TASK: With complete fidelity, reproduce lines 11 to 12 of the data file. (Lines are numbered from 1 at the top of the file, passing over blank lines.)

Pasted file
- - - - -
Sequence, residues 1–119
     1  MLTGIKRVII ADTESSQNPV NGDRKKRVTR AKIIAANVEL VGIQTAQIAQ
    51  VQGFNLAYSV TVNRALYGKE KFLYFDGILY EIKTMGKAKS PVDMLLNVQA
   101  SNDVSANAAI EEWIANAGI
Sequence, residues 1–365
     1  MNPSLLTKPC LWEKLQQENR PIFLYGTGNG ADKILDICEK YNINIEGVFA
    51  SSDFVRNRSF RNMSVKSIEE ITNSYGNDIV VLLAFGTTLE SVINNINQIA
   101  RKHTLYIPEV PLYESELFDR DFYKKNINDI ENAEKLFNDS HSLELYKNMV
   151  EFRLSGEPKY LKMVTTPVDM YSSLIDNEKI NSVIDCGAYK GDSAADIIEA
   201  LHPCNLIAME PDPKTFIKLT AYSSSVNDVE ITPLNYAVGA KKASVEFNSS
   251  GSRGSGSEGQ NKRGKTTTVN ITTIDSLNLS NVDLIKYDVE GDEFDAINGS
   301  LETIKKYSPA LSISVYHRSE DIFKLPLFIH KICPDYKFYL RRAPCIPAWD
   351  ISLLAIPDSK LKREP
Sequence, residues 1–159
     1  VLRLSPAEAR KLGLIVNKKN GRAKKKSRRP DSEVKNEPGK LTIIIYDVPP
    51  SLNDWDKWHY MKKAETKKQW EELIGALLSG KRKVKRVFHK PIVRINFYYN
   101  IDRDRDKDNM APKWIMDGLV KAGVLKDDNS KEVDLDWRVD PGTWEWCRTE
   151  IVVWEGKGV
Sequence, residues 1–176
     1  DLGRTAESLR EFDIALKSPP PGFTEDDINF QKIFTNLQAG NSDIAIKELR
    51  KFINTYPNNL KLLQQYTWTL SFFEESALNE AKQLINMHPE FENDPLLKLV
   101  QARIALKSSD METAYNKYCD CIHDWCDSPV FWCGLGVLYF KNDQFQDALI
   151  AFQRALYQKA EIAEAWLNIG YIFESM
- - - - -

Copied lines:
   251  GSRGSGSEGQ NKRGKTTTVN ITTIDSLNLS NVDLIKYDVE GDEFDAINGS
   301  LETIKKYSPA LSISVYHRSE DIFKLPLFIH KICPDYKFYL RRAPCIPAWD